In December, as the school board weighed whether to expel Grover, the teen sent a holiday reindeer trinket and a letter to the district’s new superintendent, Timothy Smith. In it, she allegedly apologized for looking at other student’s accounts—but stopped short of admitting to rigging the homecoming election, according to court documents.

In the following weeks, several teachers, mentors and coaches vouched for Grover to the board. One tennis coach testified that she was an all-around good kid, who “is personable, likable, funny, athletic, a team player and honest” and even tutored his child, according to school district documents from January. “He considers Emily to be one of the top 10 kids of all the different hundreds of kids he’s coached throughout the years.”

The teen’s attention deficit disorder also came up, with one counselor expressing concern that the alleged hack may be linked to impulsivity caused by her disability. “One component of [ADD] is an inability to appreciate the consequences of certain behavior,” the counselor said.

Several teachers also stood up for Grover, saying she’s a “very hard worker” who “gets along well with others” and has never “acted violent or disruptive or disobedient.”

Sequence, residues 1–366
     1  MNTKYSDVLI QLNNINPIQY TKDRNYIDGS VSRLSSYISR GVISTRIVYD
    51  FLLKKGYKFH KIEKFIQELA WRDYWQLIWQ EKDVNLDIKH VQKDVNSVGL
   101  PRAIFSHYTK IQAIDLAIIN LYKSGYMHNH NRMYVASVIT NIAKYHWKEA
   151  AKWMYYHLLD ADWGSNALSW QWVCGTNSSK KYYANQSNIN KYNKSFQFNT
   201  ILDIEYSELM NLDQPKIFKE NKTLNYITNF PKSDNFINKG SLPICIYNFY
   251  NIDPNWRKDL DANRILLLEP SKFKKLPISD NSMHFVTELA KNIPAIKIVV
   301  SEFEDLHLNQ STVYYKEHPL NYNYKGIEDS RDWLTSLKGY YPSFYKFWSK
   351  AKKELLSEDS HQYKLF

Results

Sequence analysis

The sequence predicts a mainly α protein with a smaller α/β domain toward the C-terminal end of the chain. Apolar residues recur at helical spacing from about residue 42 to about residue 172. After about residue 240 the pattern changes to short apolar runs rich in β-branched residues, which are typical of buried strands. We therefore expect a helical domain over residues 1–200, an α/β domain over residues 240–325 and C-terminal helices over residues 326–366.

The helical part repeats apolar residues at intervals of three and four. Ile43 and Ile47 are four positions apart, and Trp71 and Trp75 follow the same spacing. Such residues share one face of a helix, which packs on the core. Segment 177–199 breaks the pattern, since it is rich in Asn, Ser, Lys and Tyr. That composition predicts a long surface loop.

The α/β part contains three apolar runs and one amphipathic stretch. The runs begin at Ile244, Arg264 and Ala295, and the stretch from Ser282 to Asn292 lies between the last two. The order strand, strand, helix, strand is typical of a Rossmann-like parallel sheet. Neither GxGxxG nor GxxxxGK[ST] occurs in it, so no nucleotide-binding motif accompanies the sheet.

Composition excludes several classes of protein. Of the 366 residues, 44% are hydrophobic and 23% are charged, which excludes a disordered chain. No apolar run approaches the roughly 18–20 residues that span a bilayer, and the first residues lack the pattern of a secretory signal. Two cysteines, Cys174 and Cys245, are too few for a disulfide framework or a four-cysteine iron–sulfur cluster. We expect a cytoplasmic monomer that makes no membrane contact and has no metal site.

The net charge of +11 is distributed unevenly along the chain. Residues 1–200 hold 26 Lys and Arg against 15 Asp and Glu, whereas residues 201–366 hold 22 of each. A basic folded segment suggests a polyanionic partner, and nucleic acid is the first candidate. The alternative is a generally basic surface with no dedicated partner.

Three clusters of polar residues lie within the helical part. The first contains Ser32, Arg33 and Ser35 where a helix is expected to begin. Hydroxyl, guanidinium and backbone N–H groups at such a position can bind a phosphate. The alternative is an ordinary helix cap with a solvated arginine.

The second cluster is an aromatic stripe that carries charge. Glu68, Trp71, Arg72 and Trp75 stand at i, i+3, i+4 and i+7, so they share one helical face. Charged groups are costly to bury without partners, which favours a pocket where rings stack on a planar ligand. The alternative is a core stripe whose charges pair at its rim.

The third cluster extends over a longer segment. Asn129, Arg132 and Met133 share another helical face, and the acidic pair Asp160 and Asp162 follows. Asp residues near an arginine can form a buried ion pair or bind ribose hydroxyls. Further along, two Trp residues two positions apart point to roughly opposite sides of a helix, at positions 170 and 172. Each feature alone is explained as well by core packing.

But the board ultimately kicked her out of the school, writing that “Emily appears remorseful and is clearly a very bright student” but she caused a “major disruption.” Her behavior was “not a manifestation of her disability,” the district found.

Carroll was later fired from her job as assistant principal. Asked about the decision, Smith said local parents’ fears about computer security played a role. “[The] piece that rattled a lot of people was whether our system and all the private data we have was safe, from an accessibility perspective. Could anybody go do this?” Smith said in a deposition. “And so that was part of what we were communicating, is that our software is safe; the program is tight.”

“I had some parents who—I had one parent in particular —who wanted to know if their kid’s data had been seen and was concerned about that,” he said. “It was trying to control the fear of—not control—but rest people assured.”

Smith claimed students were upset by the alleged rigged election, too. “I think, for one, high-school traditions, cultures and so forth [ were damaged]. I think that had a negative impact on kids because that’s a special time for seniors,” he said. “I would just say the dignity of it was damaged… I think kids felt—I don’t know, disappointed or betrayed.”

The school district declined to speak about the case and the FDLE didn’t respond to questions. But Scott Augenbaum, a former FBI cybercrimes investigator, said parents’ fears were not unfounded.